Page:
You possibly have that uncle - you know, that one who declares expertise on world affairs and generously doles out advice on how to run the country. India needs a dictator, democracy is for sissies, he says. And his solution for ending terrorism? Carpet-bomb Syria, of course! Genocide is, obviously, the most sensible, cost-effective solution. Hearing this uncle speak will make you think that exterminating millions of people is akin to purchasing supplies at the wholesale store to save money.
Sometimes you wonder, if you were to take this uncle to Syria, place him in the middle of that action, and, even better, hand him the controls for all the bombs, what would he think? Would he still find genocide a cost-effective solution? Would that all-knowing mind of his suddenly discover a conscience in itself? Will he ever be able to look at the newspaper again as light coffee-time entertainment?
Now taking him to Syria is a long shot, and getting him into an intelligence agency is a no-go. But what you can do is buy a couple of tickets and take him to watch Eye In The Sky.
Colonel Katherine Powell (Helen Mirren) has spent years tracking down an extremist, and finally manages a positive identification in a house in Nairobi. She gets a capture permission from Lieutenant General Frank Benson (Alan Rickman), and is ready to make the attack which is the culmination of six years of her hard work. Then, the drone camera catches on that the extremist and her wards are just about getting ready to leave for a couple of suicide bombing attacks. Colonel Powell is no longer interested in capture - she wants a kill permission.
Eye In The Sky painstakingly puts together the kind of decision-making process that goes into a situation like this. International relations, political weightage, logistics exercises, and surprisingly, just the humanity of not causing collateral damage - all of these feature in the process, and lug you into the midst of this ethical quandary that the mission becomes.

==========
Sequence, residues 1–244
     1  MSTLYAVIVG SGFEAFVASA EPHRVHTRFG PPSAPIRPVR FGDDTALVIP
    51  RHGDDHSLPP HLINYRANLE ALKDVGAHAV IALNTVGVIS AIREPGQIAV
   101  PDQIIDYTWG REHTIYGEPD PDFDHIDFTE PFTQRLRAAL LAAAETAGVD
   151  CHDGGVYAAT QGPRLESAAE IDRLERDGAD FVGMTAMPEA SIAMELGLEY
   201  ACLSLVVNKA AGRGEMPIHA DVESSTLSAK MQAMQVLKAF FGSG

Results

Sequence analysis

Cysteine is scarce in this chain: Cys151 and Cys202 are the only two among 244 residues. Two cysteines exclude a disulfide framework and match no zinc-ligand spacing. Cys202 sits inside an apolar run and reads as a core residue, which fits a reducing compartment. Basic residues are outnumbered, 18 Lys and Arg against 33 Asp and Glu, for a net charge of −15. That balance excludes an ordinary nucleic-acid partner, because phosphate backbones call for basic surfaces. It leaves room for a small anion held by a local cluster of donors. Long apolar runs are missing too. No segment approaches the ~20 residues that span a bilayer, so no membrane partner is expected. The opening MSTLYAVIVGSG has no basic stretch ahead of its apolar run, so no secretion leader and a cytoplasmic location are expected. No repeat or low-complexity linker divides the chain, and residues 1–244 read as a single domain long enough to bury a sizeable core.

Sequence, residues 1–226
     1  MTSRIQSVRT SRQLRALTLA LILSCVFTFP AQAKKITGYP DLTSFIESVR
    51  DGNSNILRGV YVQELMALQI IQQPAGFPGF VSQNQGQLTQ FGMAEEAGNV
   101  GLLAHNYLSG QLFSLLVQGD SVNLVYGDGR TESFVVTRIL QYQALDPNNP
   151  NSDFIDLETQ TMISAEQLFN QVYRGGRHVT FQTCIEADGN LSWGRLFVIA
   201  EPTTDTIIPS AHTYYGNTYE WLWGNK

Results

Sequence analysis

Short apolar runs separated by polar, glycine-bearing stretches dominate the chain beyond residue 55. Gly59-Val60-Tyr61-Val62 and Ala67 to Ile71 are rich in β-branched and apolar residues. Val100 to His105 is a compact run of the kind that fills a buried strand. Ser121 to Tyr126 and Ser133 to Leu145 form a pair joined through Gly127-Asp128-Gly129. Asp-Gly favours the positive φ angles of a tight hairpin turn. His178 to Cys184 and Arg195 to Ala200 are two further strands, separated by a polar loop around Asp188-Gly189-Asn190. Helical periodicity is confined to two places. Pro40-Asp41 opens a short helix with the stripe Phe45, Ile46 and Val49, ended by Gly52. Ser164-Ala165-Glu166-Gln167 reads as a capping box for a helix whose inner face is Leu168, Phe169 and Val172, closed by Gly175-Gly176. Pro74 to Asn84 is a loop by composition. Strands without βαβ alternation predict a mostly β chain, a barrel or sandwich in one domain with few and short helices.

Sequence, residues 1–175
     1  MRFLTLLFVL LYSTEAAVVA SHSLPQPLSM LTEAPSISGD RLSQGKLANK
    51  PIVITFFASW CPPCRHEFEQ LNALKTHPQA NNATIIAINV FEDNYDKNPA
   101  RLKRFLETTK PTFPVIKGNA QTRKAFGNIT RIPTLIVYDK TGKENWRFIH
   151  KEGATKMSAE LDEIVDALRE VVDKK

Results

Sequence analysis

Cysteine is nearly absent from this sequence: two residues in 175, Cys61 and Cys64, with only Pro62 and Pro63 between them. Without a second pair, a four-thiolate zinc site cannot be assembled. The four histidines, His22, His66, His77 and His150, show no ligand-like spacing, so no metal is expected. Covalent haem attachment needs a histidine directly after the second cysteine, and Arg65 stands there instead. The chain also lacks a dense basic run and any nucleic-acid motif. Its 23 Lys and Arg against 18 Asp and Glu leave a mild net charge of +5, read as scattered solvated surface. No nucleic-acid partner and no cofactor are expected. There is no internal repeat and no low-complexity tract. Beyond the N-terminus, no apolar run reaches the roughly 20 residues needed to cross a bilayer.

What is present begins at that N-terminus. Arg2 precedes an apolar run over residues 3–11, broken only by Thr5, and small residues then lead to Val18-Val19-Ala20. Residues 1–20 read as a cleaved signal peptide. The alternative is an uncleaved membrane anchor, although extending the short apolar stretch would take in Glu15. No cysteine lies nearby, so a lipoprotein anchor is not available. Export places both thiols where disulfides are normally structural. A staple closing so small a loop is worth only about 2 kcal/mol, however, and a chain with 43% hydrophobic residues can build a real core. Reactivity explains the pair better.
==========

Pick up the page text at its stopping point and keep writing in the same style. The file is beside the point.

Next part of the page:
There is no flashy filmmaking here. It is all purposive. The intentions behind how each scene is crafted become plain as the scene is rolling out. The director does not want you to be distracted from the primary concern of the film - drone warfare and how it attempts to reconcile itself with the ethics and concerns of the people involved. And the most appropriate visuals, music, and, in particular, editing (the story pans across four continents simultaneously, and you almost don't notice the shifts) are brought to serve the script.
Both Mirren and Rickman bring the gravitas that their roles demand. Powell, in particular, is a role that could easily have been made to look insensitive but Mirren makes sure you do not question her integrity at any point. And Rickman's fineness is a joy that needs to be watched on the big screen. That, too, considering we won't be seeing much more of him in theatres any longer (RIP).
The remaining members of the cast, too, turn in effective performances: Aaron Paul as the conscience-facing drone pilot, Barkhad Abdi as the quick-thinking undercover agent on the field, Lain Gellet as the food-poisoned foreign secretary, and nine-year-old Aisha Takow as Alia the bread vendor who unwittingly throws a nerve-wracking wrench into the works.
As wonderful as it is, Eye In The Sky will ask you to exercise the brains a bit much. It can't be taken for simple unsophisticated entertainment. If you are in that challenge-seeking mode, though, you may engage in the operation.